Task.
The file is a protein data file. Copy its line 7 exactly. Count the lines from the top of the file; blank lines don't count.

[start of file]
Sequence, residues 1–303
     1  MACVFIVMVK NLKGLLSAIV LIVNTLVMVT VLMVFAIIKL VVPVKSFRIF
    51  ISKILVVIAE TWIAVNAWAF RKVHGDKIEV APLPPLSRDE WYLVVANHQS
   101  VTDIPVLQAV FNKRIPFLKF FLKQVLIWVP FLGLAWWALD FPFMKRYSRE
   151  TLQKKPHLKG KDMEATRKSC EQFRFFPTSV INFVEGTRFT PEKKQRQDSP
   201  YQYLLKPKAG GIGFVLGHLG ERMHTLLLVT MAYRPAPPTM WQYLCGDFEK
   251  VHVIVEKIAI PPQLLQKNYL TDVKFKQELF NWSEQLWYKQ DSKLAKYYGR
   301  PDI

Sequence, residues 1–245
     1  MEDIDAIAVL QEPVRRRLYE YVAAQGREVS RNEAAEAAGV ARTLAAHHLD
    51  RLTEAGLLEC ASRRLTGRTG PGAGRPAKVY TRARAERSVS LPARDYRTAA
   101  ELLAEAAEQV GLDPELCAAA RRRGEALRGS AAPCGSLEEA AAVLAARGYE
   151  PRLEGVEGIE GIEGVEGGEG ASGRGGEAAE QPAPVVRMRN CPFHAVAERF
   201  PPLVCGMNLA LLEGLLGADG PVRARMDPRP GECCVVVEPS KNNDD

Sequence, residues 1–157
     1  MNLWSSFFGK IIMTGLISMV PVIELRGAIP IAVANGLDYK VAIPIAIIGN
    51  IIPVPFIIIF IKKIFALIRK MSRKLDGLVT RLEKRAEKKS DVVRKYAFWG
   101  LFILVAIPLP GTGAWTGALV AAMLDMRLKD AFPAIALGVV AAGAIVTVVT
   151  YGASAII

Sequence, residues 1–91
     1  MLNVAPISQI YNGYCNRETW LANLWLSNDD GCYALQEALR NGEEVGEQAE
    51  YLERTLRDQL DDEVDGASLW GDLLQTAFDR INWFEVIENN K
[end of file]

   251  VHVIVEKIAI PPQLLQKNYL TDVKFKQELF NWSEQLWYKQ DSKLAKYYGR